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1.3 Million Deaths Every Year In India Due To Indoor Air Pollution

A policy which makes the users of traditional stoves incentivized to switch to this fuel will prevent them from using traditional biomass fuels such as firewood, cow-dung, and crops etc., which have negative environmental and health consequences

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Indoor air pollution is the degradation of indoor air quality by harmful chemicals and other materials; it can be up to 10 times worse than outdoor air pollution. This is because contained areas enable potential pollutants to build up more than open spaces. Statistics suggest that in developing countries, health impacts of indoor air pollution far outweigh those of outdoor air pollution. Indoor air pollution from solid fuels accounted for 3.5 million deaths and 4.5% global daily-adjusted life year (DALY) in 2010; it also accounted for 16% particulate matter pollution. Though there has been a decrease in household air pollution from solid fuels in south-east Asia, still it ranked third among risk factors in the report of the Global Burden of Disease. In India, out of 0.2 billion people using fuel for cooking; 49% use firewood; 8.9% cow dung cake; 1.5% coal, lignite, or charcoal; 2.9% kerosene; 28.6% liquefied petroleum gas (LPG); 0.1% electricity; 0.4% biogas; and 0.5% any other means. Among the 70% of the country's rural population, about 80% households rely on biomass fuel making India to top the list of countries with the largest population lacking access to cleaner fuel for cooking.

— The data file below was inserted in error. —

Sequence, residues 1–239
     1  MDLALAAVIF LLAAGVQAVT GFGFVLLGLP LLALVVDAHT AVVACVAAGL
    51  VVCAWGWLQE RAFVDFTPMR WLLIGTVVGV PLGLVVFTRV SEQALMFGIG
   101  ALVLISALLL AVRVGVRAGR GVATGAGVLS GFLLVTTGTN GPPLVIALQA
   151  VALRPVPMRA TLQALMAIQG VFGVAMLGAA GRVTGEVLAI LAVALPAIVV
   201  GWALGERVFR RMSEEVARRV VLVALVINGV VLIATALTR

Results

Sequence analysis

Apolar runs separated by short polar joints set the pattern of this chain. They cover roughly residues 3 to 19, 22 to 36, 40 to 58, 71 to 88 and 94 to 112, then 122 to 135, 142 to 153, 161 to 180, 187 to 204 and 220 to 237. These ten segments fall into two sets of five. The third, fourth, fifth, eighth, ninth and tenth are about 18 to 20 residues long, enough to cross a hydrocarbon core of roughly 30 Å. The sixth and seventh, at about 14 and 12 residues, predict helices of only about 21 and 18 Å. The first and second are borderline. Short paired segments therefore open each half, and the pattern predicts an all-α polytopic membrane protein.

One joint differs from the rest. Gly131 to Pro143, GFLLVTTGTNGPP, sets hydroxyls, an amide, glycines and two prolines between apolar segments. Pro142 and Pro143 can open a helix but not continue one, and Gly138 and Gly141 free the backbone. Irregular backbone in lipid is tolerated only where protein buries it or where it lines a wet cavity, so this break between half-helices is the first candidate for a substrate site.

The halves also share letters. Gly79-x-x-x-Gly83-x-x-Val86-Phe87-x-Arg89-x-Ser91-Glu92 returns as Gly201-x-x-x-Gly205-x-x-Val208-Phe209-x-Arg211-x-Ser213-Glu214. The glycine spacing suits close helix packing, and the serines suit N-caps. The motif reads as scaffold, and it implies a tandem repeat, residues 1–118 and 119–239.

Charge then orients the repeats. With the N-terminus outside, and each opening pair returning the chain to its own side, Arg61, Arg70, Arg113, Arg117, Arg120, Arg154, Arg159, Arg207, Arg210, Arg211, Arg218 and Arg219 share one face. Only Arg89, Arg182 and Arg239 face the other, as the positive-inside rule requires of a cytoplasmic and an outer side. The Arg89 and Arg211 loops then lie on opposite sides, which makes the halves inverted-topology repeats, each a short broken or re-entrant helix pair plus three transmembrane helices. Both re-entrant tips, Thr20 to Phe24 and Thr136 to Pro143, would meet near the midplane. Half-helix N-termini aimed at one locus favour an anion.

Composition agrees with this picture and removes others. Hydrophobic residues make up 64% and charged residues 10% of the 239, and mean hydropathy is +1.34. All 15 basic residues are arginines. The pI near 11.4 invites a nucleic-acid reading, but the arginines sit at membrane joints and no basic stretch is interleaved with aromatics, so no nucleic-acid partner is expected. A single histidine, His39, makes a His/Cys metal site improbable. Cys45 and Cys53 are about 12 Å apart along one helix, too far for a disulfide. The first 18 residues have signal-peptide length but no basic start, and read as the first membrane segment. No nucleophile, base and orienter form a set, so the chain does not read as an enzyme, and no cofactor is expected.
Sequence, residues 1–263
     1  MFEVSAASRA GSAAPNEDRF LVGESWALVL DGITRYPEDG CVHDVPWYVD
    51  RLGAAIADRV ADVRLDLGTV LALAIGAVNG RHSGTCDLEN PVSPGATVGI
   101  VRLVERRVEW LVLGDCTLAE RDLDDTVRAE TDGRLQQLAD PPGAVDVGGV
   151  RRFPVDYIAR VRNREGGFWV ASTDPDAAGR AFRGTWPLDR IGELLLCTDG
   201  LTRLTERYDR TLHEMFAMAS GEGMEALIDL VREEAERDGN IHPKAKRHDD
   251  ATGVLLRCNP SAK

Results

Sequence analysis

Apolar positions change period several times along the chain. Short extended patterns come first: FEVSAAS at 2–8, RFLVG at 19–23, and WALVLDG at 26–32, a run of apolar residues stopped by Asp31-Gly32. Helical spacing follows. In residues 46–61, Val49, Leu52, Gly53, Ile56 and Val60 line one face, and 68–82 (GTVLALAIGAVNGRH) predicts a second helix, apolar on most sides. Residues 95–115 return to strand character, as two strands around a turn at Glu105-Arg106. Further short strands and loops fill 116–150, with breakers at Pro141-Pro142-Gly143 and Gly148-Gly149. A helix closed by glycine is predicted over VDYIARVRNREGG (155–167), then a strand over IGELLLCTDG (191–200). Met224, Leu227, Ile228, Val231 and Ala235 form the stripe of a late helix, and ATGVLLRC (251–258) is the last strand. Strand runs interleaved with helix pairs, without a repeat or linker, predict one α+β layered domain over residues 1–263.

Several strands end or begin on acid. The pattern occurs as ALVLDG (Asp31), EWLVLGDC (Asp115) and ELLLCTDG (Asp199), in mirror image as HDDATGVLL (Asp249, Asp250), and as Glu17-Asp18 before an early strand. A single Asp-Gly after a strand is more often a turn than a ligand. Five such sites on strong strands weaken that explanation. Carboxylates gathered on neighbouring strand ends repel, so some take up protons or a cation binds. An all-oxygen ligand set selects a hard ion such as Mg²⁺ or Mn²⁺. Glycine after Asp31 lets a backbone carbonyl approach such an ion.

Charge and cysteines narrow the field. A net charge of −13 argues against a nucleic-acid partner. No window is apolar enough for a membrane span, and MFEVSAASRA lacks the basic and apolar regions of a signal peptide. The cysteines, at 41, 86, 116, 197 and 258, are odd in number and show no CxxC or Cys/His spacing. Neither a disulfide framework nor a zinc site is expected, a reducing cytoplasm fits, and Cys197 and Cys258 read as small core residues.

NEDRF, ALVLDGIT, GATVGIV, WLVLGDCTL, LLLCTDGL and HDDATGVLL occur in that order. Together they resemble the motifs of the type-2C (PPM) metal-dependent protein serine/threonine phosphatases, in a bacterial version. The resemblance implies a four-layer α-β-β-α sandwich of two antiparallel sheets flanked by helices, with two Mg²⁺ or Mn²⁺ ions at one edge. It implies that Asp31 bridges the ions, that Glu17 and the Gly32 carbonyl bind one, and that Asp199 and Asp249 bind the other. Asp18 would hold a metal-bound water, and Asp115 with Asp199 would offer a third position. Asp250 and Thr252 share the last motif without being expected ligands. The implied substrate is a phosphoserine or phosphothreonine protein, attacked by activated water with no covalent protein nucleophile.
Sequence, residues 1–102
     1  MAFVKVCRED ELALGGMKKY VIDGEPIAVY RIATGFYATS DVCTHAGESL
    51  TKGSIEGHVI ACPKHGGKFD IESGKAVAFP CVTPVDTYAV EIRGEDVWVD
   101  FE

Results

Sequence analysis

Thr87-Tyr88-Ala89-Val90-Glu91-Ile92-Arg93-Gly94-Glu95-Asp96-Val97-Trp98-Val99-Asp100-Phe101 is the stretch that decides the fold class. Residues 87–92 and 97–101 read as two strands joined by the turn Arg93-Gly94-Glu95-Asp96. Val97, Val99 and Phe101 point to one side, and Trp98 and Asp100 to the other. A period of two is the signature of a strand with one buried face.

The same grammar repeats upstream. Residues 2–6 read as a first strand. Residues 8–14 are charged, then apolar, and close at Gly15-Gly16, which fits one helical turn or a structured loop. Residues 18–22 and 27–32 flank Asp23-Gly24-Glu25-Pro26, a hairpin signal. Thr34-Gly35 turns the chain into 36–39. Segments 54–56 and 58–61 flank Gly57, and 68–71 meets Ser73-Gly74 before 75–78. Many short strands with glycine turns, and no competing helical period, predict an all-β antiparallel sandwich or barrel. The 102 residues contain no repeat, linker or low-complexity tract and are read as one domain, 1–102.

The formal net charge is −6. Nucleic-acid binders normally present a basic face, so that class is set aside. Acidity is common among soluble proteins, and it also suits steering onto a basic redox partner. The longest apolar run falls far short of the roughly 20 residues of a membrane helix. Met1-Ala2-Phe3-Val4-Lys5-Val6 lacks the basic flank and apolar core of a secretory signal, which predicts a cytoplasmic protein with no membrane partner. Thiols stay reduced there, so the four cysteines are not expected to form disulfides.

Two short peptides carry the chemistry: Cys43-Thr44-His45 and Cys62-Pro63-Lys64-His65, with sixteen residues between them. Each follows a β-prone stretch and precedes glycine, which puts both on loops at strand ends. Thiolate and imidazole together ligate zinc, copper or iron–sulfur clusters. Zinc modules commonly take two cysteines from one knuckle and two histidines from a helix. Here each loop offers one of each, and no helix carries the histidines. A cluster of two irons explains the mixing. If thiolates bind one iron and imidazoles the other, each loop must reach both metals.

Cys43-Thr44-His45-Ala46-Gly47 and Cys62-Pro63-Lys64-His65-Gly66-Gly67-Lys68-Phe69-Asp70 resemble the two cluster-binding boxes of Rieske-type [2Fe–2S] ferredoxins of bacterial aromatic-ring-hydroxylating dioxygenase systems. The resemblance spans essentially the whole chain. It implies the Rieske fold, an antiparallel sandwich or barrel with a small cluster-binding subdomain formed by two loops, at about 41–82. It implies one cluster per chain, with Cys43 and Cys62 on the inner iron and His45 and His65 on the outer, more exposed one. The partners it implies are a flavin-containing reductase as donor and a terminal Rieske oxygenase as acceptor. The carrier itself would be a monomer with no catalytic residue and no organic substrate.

Poor indoor air quality is the second largest killer with 1.3 million deaths in India each year.

With empirical studies from Peru, Kenya, Nepal and Bangladesh highlighting indoor pollution as a serious health hazard, it becomes increasingly important to address challenges associated with indoor cooking especially in rural areas (which comprises a major portion of India’s population), where inefficient, polluting, traditional cooking methods need to undergo a paradigm shift to combat these challenges.

Some of the challenges faced with improving indoor air quality are

1) Heterogeneous and variable choice of fuel for combustion in traditional stoves, depending on local availability makes it difficult to monitor or execute programs to alter the behaviour of people to switch to more eco-friendly fuels. As per surveys, the women who generally use traditional, polluting stoves choose the fuel based on cheapness and availability, without taking into consideration other dimensions of the fuel usage, most importantly, factors in fuel-use which cause air pollution.

2) Lower rate of adoption of non-traditional stoves due to lack of technological insight into their benefits, design complications, higher maintenance costs, higher price-elasticity (making non- traditional stoves extremely price sensitive), which make the users of traditional stoves more accustomed to continue using traditional methods of cooking. This challenge also stems from the fact that the right type of incentives have not been designed taking into account the mindset and behavioural patterns of traditional stove users, making the adoption rate of the improved non-traditional stoves lower (with their benefits not being completely realized)

3) Lack of understanding (on the part of policy makers) of behaviour patterns, consumption expenditure patterns and psycho-social factors which impact traditional cooking stove choices and methods to obtain fuel. If policymakers had a better insight into the contextual, technological and psychosocial factors which make a woman in a particular village continue to use traditional methods of cooking, despite wide-spread availability of Clean-Stove- Programs, they would be able to improve these programs to incentivize these users in the right manner to switch to eco-friendly, healthier and more efficient methods of cooking.